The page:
Many of the terms in this glossary can be defined in several ways. The definitions provided are the ones which have been used in the PROSPECTS project. Definitions of individual policy instruments are not included but can be found in KonSULT.

The meanings of words in italics can be found elsewhere in this glossary.

Accessibility The accessibility of an activity to an individual is the ease with which the individual can get to the places where that activity can be performed

Appraisal Assessing the relative merits of strategies before they are implemented

Barrier An obstacle which prevents a given policy instrument or strategy being implemented, or limits its implementation in some way. A constraint is similar

Complementarity A condition where the component instruments of a strategy have a greater beneficial effect than any instrument on its own

Cost-benefit analysis Appraisal of the economic efficiency of a strategy, by weighing the costs of a strategy against the benefits it might bring, over a number of years into the future

Efficiency (or economic efficiency) Maximising the benefits which users can gain from the transport system, after taking account of the costs of provision and operation of the system

Environment Environmental impacts include noise, air pollution, vibration, visual intrusion, severance, intimidation, and the loss of flora, fauna and historic buildings

Equity Equality, especially between different groups in society, in opportunities to travel, costs of travel and environmental and safety impacts of travel

Evaluation The process of finding out, after implementation, what the real impacts of a strategy have been and how they compare to what was expected beforehand

Indicator Ways of quantifying objectives: for example, road accident numbers are one indicator of safety

Instrument Also known as measures, instruments are the specific components (e.g. lower bus fares, road pricing) of a strategy

Intergenerational equity Meeting the needs of the present without compromising the ability of future generations to meet their own needs. (See also the full definition of sustainability in Section 7 of this Guidebook)

Integration Integration involves combining instruments so that they reinforce one another and create synergy in meeting objectives

Land use The function of a given area of land. Examples of types of land use include: residential, industrial, commercial, agricultural and recreational

Liveable streets Pleasant street and outdoor conditions. It includes the positive external effects on social, cultural and recreational activity in neighbourhoods

Management How the transport system is managed and operated, usually to reduce congestion and accidents and to protect the environment. Demand management encompasses measures to affect how people travel. Traffic management is the allocation of road space to different users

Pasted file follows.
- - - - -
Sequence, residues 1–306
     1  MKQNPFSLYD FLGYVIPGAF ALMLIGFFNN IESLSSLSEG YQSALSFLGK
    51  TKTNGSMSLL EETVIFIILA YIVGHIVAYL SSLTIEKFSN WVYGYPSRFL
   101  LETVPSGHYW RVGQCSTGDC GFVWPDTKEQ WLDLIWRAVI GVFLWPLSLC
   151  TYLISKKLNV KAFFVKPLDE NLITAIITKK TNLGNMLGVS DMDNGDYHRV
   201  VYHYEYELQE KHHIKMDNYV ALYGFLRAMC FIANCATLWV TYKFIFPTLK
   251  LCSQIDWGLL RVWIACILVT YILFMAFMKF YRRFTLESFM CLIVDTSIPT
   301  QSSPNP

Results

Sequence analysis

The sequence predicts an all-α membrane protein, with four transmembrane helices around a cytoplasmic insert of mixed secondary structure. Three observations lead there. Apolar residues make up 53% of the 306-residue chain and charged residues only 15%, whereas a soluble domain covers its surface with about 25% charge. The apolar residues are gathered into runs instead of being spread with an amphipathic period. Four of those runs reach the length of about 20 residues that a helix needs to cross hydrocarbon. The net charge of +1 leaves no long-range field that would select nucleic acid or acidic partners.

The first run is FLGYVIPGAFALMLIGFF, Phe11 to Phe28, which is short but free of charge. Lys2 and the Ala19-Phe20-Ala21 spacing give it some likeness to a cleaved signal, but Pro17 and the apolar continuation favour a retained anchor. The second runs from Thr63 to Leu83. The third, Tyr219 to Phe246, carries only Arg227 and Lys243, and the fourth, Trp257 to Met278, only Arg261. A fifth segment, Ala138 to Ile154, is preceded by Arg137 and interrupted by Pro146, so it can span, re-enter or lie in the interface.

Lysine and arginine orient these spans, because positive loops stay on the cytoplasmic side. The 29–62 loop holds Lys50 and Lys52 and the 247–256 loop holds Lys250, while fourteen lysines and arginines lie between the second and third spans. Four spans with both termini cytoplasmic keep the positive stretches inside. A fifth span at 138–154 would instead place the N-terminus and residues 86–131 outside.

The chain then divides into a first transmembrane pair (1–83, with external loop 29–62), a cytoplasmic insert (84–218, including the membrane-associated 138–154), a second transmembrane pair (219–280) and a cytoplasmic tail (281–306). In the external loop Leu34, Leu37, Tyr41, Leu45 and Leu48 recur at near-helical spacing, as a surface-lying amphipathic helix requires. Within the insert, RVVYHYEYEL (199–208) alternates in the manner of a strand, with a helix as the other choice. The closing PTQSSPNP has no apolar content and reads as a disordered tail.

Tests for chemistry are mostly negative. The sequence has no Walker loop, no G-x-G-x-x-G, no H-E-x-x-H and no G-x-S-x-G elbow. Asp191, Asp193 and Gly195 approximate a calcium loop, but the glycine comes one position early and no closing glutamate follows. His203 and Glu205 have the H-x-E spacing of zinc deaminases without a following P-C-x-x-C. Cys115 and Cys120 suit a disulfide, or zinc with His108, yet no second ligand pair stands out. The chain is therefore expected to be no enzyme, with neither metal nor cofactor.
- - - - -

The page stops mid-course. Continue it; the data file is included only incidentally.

Mobility Ease of moving about. Often specifically meaning access to a private vehicle for travel

Model A (mathematical) representation of the relationships within the land use / transport system; widely used to predict the outcomes of transport strategies

Monitoring A continuous programme of measuring changes in the transport system

Multi-criteria appraisal Appraisal against more than one objective

Objective A broad statement of the improvements which a city is seeking. Objectives specify the directions for improvement, but not the means of achieving it

Objective function One or more objectives incorporated into a mathematical expression, often used in modelling as part of an optimisation process

Optimal An optimal strategy is one which performs best against its objectives

Optimisation A (mathematical) process to determine the optimal transport strategy

Policy A broad approach towards transport and land use planning, including the specification of objectives and the choice of a strategy and its component instruments

Pricing The way in which users are charged for using the transport system. Road pricing is a pricing system where motorists pay directly for using the roads

Reliability For the road system, reliability means little daily variation in travel time. For the public transport system, it means that vehicles depart on time and arrive at stops on schedule

Revenue Income from transport pricing

Robust Likely to be successful in a wide range of future scenarios

Scenario A possible future set of demographic and economic conditions

Sensitivity analysis Is a programme of tests of a strategy to find out how its performance changes with changes in the assumptions made

Stakeholder All people and organisations which have an interest in the transport system

Strategy A combination of instruments to meet a given set of objectives

Synergy A condition where the component instruments of a strategy have a greater beneficial effect than the sum of their parts

Target An aimed-for value of an indicator

Threshold The value of an indicator which should not be exceeded

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Text edited at the Institute for Transport Studies, University of Leeds, Leeds LS2 9JT